Business organizations are asking the Bernalillo County Commission not to hurry a newly introduced paid sick leave proposal, saying they would like time to study the provisions and discuss the potential implications.
But several other advocacy groups — from the AARP to the New Mexico Coalition Against Domestic Violence — say it’s time to act and provide workers with a critical benefit.
Commissioners Maggie Hart Stebbins and Debbie O’Malley on Tuesday introduced legislation that would require businesses with at least two employees to provide workers one hour of paid sick leave for every 30 hours worked up to 56 hours per year.
Employees could use the leave for their own health needs or to care for a family member or someone else to whom they are close. It also provides for absences related to domestic violence.
The law would only affect employers in the unincorporated areas of the county, where there are currently about 1,350 active commercial business licenses. Businesses in their first year would be exempt.
The commissioners did not discuss the bill during Tuesday’s meeting, though about 20 people addressed it during public comment.
Several business groups voiced reservations, saying that the bill in some ways resembled one that city of Albuquerque voters narrowly defeated in 2017. Others argued it might invite baseless lawsuits — something David Pena with the New Mexico Association of Commerce and Industry said could disproportionately hurt small businesses without the means to wage a legal battle.
Several asked the commission to wait longer before voting. The board is scheduled to vote June 25.
“I’d encourage you to not rush the vote in 30 days so we do have time to get everyone’s concerns on the table,” said Larry Sontag, who said he represented the New Mexico Business Coalition.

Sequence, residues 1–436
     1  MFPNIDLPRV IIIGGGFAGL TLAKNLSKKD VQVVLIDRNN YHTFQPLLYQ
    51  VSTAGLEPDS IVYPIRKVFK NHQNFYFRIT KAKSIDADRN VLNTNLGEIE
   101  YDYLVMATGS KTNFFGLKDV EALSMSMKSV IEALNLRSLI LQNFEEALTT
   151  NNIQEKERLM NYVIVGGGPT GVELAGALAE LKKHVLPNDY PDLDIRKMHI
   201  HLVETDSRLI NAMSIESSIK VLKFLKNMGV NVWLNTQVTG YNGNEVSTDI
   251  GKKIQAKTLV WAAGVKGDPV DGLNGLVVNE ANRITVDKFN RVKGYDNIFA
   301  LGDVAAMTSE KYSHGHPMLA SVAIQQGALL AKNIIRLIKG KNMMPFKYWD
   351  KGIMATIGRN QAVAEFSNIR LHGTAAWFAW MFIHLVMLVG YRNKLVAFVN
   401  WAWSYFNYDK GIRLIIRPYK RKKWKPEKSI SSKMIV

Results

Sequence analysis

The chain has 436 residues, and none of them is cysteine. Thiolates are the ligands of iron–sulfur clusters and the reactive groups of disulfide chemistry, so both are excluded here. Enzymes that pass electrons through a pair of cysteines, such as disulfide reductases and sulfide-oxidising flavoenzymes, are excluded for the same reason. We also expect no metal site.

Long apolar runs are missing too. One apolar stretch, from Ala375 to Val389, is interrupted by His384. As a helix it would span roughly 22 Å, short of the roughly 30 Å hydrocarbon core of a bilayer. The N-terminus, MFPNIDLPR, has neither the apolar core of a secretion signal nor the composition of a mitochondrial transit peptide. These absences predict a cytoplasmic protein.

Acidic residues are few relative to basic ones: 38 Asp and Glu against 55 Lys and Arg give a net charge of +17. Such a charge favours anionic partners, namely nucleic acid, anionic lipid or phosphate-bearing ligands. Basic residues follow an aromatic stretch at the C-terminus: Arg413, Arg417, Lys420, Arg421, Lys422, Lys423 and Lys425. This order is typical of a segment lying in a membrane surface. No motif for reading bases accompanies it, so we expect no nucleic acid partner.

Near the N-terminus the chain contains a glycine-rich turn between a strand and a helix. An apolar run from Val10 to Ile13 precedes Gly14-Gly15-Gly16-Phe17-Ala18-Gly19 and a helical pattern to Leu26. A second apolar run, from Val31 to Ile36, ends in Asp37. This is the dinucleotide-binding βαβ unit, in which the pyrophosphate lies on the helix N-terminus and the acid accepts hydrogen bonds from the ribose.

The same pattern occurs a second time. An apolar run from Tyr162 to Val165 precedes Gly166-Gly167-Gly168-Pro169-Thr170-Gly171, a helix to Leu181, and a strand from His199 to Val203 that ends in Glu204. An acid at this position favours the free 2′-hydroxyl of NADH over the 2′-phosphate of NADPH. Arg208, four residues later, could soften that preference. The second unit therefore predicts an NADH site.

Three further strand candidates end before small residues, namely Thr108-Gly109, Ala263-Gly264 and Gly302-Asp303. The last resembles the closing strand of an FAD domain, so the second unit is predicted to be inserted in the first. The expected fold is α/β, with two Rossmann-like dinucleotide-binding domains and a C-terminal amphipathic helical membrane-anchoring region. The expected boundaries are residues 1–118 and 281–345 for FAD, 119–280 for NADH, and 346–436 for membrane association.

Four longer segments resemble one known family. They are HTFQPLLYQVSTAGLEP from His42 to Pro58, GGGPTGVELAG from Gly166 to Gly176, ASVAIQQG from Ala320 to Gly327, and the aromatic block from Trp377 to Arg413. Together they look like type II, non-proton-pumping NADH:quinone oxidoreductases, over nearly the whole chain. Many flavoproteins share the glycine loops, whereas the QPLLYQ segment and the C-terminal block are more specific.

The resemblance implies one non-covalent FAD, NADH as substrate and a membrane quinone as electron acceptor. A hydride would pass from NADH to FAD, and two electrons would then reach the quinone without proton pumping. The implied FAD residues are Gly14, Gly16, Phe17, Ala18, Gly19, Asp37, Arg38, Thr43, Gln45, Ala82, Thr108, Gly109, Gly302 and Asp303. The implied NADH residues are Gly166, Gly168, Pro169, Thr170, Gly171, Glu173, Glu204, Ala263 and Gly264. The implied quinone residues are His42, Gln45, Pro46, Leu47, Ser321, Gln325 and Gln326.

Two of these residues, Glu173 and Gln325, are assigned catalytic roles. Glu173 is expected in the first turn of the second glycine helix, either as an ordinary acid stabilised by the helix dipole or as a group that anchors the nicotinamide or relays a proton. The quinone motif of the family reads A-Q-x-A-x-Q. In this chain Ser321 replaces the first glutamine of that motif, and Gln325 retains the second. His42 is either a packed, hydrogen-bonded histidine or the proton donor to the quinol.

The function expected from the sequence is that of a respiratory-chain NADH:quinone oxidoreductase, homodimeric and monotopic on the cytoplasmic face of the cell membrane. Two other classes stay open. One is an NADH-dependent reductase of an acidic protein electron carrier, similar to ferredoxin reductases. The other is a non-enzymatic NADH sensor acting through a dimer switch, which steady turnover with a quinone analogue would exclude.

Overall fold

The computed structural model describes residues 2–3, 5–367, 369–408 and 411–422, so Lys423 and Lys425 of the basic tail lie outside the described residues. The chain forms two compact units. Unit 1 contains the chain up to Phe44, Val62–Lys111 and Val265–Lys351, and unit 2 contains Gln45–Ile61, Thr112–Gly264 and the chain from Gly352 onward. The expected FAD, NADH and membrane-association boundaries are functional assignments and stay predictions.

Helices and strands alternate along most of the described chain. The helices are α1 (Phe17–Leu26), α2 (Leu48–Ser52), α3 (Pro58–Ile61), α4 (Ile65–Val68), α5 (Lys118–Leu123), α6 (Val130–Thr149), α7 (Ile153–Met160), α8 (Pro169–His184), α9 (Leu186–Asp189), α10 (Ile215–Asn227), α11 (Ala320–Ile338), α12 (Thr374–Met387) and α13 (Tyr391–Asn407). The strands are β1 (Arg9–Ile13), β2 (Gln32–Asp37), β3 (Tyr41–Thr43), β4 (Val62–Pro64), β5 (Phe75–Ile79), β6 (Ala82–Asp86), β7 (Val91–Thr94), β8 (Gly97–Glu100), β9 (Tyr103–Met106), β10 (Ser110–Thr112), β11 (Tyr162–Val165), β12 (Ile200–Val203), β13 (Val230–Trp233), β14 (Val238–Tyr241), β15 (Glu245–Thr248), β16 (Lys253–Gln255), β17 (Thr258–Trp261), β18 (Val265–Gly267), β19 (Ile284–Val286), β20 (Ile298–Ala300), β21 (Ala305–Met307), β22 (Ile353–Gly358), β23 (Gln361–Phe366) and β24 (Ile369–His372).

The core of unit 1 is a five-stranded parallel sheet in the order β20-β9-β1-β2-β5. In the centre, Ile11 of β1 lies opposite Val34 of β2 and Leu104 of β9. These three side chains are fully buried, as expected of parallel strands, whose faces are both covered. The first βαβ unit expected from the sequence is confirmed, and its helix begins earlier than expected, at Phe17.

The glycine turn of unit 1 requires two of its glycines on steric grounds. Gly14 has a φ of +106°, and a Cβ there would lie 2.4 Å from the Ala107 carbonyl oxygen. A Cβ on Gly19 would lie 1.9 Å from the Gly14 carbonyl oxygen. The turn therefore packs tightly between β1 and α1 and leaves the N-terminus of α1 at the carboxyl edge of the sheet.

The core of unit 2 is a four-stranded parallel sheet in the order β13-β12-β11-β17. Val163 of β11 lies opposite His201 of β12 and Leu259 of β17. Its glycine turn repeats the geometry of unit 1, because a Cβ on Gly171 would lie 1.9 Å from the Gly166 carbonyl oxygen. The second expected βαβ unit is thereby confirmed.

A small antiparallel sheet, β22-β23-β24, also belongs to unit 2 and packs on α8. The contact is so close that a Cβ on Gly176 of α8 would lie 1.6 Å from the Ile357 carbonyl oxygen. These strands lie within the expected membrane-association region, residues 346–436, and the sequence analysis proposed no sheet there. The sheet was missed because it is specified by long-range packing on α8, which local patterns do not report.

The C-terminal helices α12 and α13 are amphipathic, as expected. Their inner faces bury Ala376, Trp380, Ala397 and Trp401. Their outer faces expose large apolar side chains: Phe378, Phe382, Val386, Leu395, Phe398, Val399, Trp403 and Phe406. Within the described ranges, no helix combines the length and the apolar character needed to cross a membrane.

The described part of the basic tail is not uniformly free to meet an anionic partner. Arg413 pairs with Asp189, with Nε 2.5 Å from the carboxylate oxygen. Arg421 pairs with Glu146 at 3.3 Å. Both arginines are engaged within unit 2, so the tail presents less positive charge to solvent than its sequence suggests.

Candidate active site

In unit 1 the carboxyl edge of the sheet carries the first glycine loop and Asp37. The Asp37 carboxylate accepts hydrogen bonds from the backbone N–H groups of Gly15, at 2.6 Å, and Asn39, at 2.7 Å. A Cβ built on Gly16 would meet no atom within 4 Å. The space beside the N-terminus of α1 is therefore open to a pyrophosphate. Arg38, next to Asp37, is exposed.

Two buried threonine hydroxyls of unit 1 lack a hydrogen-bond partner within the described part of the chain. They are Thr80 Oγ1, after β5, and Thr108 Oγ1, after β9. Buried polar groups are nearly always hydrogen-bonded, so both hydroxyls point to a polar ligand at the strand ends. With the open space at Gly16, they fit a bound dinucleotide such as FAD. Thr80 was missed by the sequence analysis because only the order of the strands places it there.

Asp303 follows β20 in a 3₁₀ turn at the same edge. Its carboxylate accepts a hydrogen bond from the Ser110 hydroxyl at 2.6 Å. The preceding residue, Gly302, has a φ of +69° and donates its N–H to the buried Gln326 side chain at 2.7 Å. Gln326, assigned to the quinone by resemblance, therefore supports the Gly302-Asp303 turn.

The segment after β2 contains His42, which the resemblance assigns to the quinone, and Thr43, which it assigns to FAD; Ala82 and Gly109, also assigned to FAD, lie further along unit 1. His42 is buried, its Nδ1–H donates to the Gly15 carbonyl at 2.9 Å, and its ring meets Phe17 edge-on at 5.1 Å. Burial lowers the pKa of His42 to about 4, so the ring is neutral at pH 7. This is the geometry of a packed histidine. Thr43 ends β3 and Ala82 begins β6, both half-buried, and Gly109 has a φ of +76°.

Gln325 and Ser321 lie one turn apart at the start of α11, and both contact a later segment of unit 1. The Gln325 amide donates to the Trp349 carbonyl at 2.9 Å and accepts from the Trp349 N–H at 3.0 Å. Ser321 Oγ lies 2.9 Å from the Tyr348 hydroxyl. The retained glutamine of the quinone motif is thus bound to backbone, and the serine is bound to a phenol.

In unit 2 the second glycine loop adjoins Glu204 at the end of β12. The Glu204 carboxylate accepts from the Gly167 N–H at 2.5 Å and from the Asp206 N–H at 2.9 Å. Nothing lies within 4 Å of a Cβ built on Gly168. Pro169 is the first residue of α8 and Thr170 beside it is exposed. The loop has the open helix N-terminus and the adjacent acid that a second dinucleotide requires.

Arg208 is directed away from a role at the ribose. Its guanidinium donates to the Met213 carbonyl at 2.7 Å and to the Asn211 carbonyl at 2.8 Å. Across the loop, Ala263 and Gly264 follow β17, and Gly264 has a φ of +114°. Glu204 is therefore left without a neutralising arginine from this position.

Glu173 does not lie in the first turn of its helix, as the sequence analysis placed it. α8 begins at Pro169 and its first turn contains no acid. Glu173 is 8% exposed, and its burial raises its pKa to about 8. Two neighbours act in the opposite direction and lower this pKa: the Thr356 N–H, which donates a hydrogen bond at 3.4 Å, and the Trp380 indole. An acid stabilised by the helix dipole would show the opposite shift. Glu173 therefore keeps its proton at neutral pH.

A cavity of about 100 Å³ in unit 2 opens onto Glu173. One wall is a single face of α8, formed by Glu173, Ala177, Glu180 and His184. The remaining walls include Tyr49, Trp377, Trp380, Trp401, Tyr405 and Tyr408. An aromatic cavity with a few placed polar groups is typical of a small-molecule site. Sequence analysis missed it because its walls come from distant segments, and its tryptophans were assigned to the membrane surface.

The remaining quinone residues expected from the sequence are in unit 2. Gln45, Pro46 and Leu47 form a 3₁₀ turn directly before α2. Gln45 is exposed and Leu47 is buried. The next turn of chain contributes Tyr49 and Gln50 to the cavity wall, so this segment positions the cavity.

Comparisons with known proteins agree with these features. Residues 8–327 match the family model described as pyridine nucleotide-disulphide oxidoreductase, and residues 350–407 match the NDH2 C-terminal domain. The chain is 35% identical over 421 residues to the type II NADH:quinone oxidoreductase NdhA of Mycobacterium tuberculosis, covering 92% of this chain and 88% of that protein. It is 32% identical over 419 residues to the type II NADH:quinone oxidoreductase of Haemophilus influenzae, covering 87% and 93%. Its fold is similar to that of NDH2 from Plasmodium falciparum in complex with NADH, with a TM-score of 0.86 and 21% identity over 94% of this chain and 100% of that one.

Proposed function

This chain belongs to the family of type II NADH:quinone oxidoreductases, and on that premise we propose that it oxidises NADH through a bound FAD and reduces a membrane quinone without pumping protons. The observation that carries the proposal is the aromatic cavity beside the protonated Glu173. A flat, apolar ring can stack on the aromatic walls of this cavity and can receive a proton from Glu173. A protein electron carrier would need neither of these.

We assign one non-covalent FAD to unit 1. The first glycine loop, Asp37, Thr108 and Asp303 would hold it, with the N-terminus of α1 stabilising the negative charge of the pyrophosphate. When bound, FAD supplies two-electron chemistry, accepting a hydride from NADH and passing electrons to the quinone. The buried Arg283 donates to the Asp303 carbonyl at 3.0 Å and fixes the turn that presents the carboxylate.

But more than a dozen people spoke in support of the measure, saying local workers should not have to choose between tending to their health needs or an income, and that not having paid sick leave is a public health hazard.
Greg Frazier, president of the United Commercial and Food Workers Union that represents about 3,800 workers statewide, said many of his members go to their grocery store jobs sick because they do not have traditional sick leave and cannot afford to stay home.
“It’s really tough, because you just don’t want somebody sneezing on your cold cuts or coughing on your muffins,” he said.
A few teachers also spoke, saying they see students come to class ill because they do not have a parent who can stay home with them.
And Gwyn Kaitis of the New Mexico Coalition Against Domestic Violence said the proposal would allow victims the time off needed for medical treatment, counseling, legal proceedings and other related issues.
“Without leave and other supports, it can be too difficult for survivors to manage the many issues at play in their lives,” she said. “Without job security and a paycheck, victims simply cannot afford to leave an abuser.”
In an interview after the meeting, O’Malley said she did not foresee postponing the June 25 vote. She said she would willingly meet with business groups over the next month to hear their positions. But she said the initiative was meant to help the county’s most vulnerable workers who could potentially lose a house or apartment if they became ill and had to miss work without compensation.
According to a recent study commissioned by the Albuquerque City Council, 90% of the city’s private sector employees with household incomes under $15,000 do not currently have paid sick leave.
“This is in support of the working poor, so they can get some benefits,” O’Malley said. “And let me tell you, it’s not a huge benefit, but it’s something.”